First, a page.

I remember having an argument with a school friend many years ago after he called me “Shithouse” on the bus home. The argument was pretty short lived as I punched him in the face and he bled a little causing some schoolgirls to laugh and my hand to swell up enormously prompting a trip to a&e and a few days off school. To avoid telling my mum of the scuffle I told her I’d fallen over leaving my form room and much to my amazement she believed me. When I returned to school the ‘victim’ of my punch summoned up the courage to come over to me and call me a ‘virgin’.A strange insult I thought given I was 14 and clearly useless and inexperienced with girls despite once having my face snogged off by ******** ******** at a school disco which clearly angered the catholic teachers so much that the following day one of them told me that promiscuity was a sin.
Anyway I digress! The point is that me and the other boy solved our problems, injury lawyers4you were not needed, no social workers were called as a result of turning up at a&e with a strange injury, I never contracted anything from snogging and to my knowledge neither him nor me suffered any long lasting effects as a result of the name calling. What did happen though is that I learned that whenever I was called a name ever again I could deal with it,I could either laugh it off or not allow it to get to me. In effect I grew what back then was called a thick skin.
Fast forward a decade or two and things are different. I can’t remember the rules changing or the exact date when life as we know it altered but all of a sudden the ‘thick skin’ no longer exists, we’ve all apparently become very sensitive to being called names. Words like ‘outrage’ or ‘devastated’ are often used to describe how people feel after being called a nasty name. In the last week we have seen the news full of trouble in the middle east as a few fanatics take offence to the prophet mohammed being ‘ridiculed’ causing thousands of other fanatics to go on a killing spree in the name of their peaceful spiritual leader. Also an MP has found himself in the news after calling a policeman a ‘pleb’! This was I’m guessing a conversation between two people so what turn of events, what agenda is behind this becoming broadcast in the news? Was he really that upset? A man who is presumably a hardened cop guarding the countries leader feels the need to make this public?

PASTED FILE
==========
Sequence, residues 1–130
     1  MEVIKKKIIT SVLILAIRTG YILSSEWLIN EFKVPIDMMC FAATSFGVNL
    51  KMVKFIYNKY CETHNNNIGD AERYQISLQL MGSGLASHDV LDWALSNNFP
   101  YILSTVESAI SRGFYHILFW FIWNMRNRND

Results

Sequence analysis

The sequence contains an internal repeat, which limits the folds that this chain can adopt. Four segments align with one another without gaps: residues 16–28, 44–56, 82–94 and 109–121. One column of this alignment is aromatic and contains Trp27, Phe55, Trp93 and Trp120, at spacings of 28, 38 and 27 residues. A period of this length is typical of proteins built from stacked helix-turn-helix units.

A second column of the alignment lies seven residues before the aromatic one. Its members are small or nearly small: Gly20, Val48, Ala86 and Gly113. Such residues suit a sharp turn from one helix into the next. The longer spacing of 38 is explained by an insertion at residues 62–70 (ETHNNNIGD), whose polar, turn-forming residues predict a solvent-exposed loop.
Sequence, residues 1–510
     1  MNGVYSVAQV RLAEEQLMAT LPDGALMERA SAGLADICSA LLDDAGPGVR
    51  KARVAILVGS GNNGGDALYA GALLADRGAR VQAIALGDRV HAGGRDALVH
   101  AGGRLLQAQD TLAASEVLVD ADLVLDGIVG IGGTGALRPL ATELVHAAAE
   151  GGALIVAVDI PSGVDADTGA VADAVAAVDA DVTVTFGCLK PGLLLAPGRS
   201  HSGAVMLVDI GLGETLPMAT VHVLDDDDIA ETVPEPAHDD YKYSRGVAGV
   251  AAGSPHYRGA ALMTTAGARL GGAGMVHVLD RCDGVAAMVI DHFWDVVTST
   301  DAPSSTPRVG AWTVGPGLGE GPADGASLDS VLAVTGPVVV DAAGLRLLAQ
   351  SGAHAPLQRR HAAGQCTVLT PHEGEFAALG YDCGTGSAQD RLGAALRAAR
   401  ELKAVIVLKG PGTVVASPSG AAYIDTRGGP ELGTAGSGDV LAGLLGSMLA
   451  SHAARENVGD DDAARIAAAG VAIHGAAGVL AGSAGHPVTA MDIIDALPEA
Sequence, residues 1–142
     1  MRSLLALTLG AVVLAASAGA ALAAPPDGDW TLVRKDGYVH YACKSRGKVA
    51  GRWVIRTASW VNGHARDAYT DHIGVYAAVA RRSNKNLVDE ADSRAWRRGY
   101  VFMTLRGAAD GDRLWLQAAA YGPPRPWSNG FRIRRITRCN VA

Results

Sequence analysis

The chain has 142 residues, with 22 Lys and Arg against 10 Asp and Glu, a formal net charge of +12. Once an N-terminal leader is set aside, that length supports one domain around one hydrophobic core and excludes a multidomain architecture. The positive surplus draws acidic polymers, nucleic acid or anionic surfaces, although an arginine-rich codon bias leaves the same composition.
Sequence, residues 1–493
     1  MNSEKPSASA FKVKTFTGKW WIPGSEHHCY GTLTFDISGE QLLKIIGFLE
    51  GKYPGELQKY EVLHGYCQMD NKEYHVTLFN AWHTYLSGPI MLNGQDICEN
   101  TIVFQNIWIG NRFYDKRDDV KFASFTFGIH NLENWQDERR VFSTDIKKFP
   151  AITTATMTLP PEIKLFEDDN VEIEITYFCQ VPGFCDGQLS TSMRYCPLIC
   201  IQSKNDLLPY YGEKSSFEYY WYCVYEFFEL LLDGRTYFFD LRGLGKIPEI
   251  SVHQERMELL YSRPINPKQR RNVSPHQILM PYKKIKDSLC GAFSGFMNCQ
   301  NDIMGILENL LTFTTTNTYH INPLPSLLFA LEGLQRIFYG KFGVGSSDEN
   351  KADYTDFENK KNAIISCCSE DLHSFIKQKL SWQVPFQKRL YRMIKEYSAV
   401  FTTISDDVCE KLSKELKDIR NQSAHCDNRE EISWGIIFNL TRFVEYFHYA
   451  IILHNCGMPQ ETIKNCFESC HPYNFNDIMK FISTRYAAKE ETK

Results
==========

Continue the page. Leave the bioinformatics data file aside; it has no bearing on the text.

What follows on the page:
We’ve also even seen a rise in the phenomenon of those who are apparently offended on behalf of somebody else! A few years ago when Russell Brand and Jonathan Ross made some ill advised jokes about Andrew Sachs granddaughter the woman herself kept a fairly low profile and Mr.Sachs himself kept his silence. However 3 people felt so upset they called the bbc to complain and 27,000 others who hadn’t realised they had been offended called the bbc and the daily mail to announce how ‘horrified’ they were
And then last week we saw families and survivors of the Hillsborough tragedy finally getting the justice they deserve after being publicly called the most offensive names by the country’s top selling paper but after years of dignified silence they had their names cleared. But at the weekends big game Anton Ferdinand Ashley Cole and John Terry can’t shake hands before kick off because one allegedly called the other a nasty word and the other one testified for his innocence.If I had a gazillion pounds in the bank you could call me anything you wanted frankly and I couldn’t give a toss what it was. I’d purposely carry around a bank statement to show how rich I was and then tell anyone to eff off.
There is no place for offending people in a modern civilised society but if we hold the principle of free speech close to our hearts we have to accept that these things happen. Surely we need to all calm down and be less sensitive. Surely we need to grow a collective thick skin and not allow words to hurt us.